Many of you must have noticed that the “Save site as template menu” under “Look and Feel” site settings category is missing.
So, this brings several questions to mind, like:
How do I get it back? And more important: Why was it removed?
Let me try to answer these two questions in the following article.
In WSS sites, when you go to site settings page, this is how your “Look and Feel” category looks like:
Notice you have the “Save site as template” menu option there.
It is important you understand everything in SharePoint 2007 is based on features. So – you would be correct to assume this menu option was declared in a feature as well: (Note: the percise details may vary in different systems)
Feature folder: C:\Program Files\Common Files\Microsoft Shared\web server extensions\12\TEMPLATE\FEATURES\SiteSettings
Feature file: SiteSettings.xml
Once you create a publishing portal site (internet facing or intranet collaboration portal) you will notice that among other changes, the “Look and Feel” site settings category changed a lot:
Notice, there is no more option to save site as template.
So, saying everything in SharePoint is controlled by features – you need to think of a publishing site as a normal WSS sites that had some features activated in it. This is not 100% accurate, but it's easier to understand that way.
Looking further in our Feature folder, you will easily find several feature folders that belong to the publishing site. In one of these features there is a call to hide the save as template menu from the site settings: (Note: the percise details may vary in different systems)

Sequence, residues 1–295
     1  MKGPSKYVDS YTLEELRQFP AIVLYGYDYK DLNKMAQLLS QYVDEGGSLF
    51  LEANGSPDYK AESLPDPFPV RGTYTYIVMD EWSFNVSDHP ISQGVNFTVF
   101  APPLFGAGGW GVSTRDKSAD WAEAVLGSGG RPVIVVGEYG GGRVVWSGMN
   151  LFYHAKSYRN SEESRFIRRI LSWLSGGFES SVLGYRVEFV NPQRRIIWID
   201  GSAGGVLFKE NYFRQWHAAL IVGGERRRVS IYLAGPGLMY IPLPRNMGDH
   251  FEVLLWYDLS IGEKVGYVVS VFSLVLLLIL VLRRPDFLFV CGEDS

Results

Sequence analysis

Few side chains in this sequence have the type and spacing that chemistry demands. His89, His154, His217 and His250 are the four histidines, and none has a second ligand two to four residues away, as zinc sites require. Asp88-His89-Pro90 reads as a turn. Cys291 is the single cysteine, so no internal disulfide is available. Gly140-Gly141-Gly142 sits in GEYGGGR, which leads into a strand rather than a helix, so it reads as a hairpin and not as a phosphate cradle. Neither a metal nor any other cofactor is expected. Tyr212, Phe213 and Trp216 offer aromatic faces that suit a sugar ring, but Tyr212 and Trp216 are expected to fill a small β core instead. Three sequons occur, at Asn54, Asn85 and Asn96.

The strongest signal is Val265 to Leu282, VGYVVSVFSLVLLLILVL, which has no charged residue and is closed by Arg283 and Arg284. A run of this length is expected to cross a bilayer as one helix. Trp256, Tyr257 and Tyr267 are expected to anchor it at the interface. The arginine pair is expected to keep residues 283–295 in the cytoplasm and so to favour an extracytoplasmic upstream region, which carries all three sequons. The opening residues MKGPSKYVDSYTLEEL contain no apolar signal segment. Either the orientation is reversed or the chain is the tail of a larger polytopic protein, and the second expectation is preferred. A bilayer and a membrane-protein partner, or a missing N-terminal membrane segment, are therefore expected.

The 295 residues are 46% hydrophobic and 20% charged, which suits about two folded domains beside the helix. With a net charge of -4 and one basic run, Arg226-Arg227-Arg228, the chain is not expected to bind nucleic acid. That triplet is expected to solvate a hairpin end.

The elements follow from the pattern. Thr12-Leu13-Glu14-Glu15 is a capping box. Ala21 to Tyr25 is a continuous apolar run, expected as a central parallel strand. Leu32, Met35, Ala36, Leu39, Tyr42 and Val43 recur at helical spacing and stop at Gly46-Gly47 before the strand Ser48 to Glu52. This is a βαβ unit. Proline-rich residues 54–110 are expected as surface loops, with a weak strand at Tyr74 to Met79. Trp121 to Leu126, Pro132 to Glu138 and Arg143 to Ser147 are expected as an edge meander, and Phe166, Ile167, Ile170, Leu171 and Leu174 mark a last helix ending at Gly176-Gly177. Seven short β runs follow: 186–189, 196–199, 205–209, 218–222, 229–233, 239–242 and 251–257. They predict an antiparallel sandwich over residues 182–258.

Feature folder: C:\Program Files\Common Files\Microsoft Shared\web server extensions\12\TEMPLATE\FEATURES\Publishing
Feature file: PublishingSiteSettings.xml
Notice the use of HideCustomAction tag, with the corresponding HideActionId “SaveAsTemplate”.
According to my vast experience with many customer that are using publishing sites, a lot of them tried to use the save as template option (some using code, some using a feature like the one below) and we all came to the same conclusion:
Since publishing sites has pages in them and layouts that are all connected to a content type that is configured at the top level site of the site collection, and because these content types are not saved and moved within the site template STP file – this makes the STP file not self-describing as it should.
This means that if you save a publishing site as template and use it in the same site collection, providing all site content types it uses were not changed, it will work OK.
The problem is when you try to move it to a different site collection, or when you changed or deleted some content types in your current site collection – this will result in an un expected behaviour (that is from my experience mend-able with some work).
So, if you do want to use the site templates within the same site collection, or if you use only the out of the box content types (welcome and article) with no changes, you should be safe.
Here is what you need to do to add this option back to your publishing site (very simple, 5 minutes work):
Create, install and activate a feature that will bring this menu option back to life!
Simply create a feature that re-registers a “save as template” action to site settings. I said 5 minutes, right? So here is a feature ready to use (click to download)
Save the folder inside the ZIP file under your server’s features folder.
Run STSADM command:
"C:\Program Files\Common Files\Microsoft Shared\web server extensions\12\BIN\stsadm" -o installfeature -name AddSaveTemplateToPublishingSiteSettings –force
After installation, you should have this new site collection feature:
If you did everything correct, here is your new publishing site settings “Look and Feel” section:
* There may be other side effects of saving a publishing site as template. This article is for the community information benefit only and will not hold KWizCom responsible to any issues caused by this. It is strongly recommended you test on a pre production environment before you use this tip in a production server.